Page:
CDA Robert Copley’s Remarks at OSAC Conference

Greetings to our fellow OSAC members and its affiliates.  It is a great pleasure for me to be here and take part in the Overseas Security Advisory quarterly conference.  OSAC continues to be an important public and private sector worldwide initiative with the purpose of promoting security cooperation between American private sector interests and the U.S. government.

As we all know, the world is becoming progressively more interconnected every day, and as these connections strengthen, our national security, our collective economic prosperity, and even our individual liberties increasingly depend on our commitment to securing cyberspace – in other word, on our ability  to maintain an open, interoperable, and reliable internet.

It would be impossible for me to exaggerate the importance of public and private sector collaboration with critical infrastructure owners and operators to protect some of the world’s most critical connections from cybersecurity threats.  We must work together to constantly enhance our ability to detect and characterize cyber incidents, share information about them, and respond in a timely manner.  These efforts encompass network defense, law enforcement, and intelligence collection initiatives, so that we can better understand our real and potential adversaries in cyberspace.

Because cyberspace crosses every international boundary, we actively engage with our international partners.  Because, as I noted earlier, the United States recognizes that an open, interoperable, secure, and reliable cyberspace is a critical component of our foreign policy and national security, we are only too happy to participate in forums like this one.  The future of cyberspace depends on the decisions we make today. And so we participate in “Cyber diplomacy” which encompasses the full range of U.S. interests in cyberspace.  Everyday we make foreign policy decisions based on how they may advance our fundamental principles in cyberspace, including security, freedom, governance, human rights, and economic growth. Increasingly, cooperation in cyberspace is a foreign policy issue in our multilateral meetings, in our bilateral relationships, and especially in our relationships with industry and civil society.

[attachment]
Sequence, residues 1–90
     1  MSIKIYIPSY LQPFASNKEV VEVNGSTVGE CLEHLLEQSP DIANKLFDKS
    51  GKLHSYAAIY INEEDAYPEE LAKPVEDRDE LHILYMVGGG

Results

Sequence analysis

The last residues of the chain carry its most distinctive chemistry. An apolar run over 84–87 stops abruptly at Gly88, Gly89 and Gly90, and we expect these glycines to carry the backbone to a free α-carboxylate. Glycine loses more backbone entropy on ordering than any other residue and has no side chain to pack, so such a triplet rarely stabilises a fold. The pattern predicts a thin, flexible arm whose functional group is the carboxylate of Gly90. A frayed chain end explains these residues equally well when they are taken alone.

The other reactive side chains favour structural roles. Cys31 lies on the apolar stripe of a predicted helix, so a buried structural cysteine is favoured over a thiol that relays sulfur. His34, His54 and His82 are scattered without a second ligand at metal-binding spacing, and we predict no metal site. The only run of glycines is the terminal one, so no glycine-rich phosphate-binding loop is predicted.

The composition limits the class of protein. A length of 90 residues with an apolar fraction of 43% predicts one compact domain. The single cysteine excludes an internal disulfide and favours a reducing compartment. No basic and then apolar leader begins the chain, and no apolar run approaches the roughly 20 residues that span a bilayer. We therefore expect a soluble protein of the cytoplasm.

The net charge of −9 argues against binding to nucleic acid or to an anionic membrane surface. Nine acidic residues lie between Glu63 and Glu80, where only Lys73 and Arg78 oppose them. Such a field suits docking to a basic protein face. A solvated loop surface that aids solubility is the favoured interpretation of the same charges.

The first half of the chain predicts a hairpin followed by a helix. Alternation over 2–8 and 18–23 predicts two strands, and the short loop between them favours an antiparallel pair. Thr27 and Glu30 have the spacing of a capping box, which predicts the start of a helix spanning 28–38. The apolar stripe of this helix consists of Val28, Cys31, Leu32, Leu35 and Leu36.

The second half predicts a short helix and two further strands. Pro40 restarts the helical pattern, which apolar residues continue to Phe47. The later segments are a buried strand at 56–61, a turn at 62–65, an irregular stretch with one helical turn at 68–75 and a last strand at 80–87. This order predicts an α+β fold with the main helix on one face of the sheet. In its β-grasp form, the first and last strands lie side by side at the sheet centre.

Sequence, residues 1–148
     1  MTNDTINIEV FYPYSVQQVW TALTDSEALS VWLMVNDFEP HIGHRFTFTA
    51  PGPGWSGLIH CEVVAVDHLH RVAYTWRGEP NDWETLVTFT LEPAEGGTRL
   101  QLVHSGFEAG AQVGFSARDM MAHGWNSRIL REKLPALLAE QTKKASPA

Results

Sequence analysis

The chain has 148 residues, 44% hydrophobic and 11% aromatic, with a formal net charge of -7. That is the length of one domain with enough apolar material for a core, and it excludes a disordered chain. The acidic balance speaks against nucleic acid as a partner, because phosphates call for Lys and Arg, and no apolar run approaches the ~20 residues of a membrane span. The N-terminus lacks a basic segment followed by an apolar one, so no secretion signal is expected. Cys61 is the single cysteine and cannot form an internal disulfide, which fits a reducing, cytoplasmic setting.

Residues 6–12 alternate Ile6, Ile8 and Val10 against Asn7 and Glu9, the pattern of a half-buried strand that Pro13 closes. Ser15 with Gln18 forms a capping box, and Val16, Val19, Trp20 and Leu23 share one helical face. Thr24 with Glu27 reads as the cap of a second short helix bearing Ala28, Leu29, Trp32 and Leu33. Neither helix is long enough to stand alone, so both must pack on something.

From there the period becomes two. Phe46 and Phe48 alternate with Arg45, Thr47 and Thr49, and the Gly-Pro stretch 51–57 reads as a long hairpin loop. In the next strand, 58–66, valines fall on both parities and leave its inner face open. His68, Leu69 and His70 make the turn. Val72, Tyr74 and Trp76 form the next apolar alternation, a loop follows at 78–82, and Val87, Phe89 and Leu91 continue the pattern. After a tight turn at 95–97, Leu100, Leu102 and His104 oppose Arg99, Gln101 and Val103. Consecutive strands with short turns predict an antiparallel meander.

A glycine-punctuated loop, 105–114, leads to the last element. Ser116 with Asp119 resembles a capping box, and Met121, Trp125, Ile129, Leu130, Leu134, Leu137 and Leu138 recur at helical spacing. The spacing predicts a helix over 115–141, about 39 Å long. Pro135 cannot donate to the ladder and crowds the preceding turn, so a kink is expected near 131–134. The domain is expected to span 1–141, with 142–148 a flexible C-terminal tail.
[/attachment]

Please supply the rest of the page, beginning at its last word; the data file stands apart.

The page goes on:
Although the threats are serious and they are constantly evolving, I am confident that we will continue to work together to address them effectively, in order to ensure that the internet remains an engine for economic growth and a platform for the free exchange of ideas.  I also believe, based on our progress to date, that we will continue to prioritize research development and technology, while harnessing private sector innovation and ensuring our activities continue to respect the privacy, civil liberties and rights of everyone.  That is what we need to do, I believe that is what we will continue to do.  I want to thank OSAC for the opportunity to participate in this dialogue and exchange of ideas.  I look forward to the council’s continued success.  Thank you.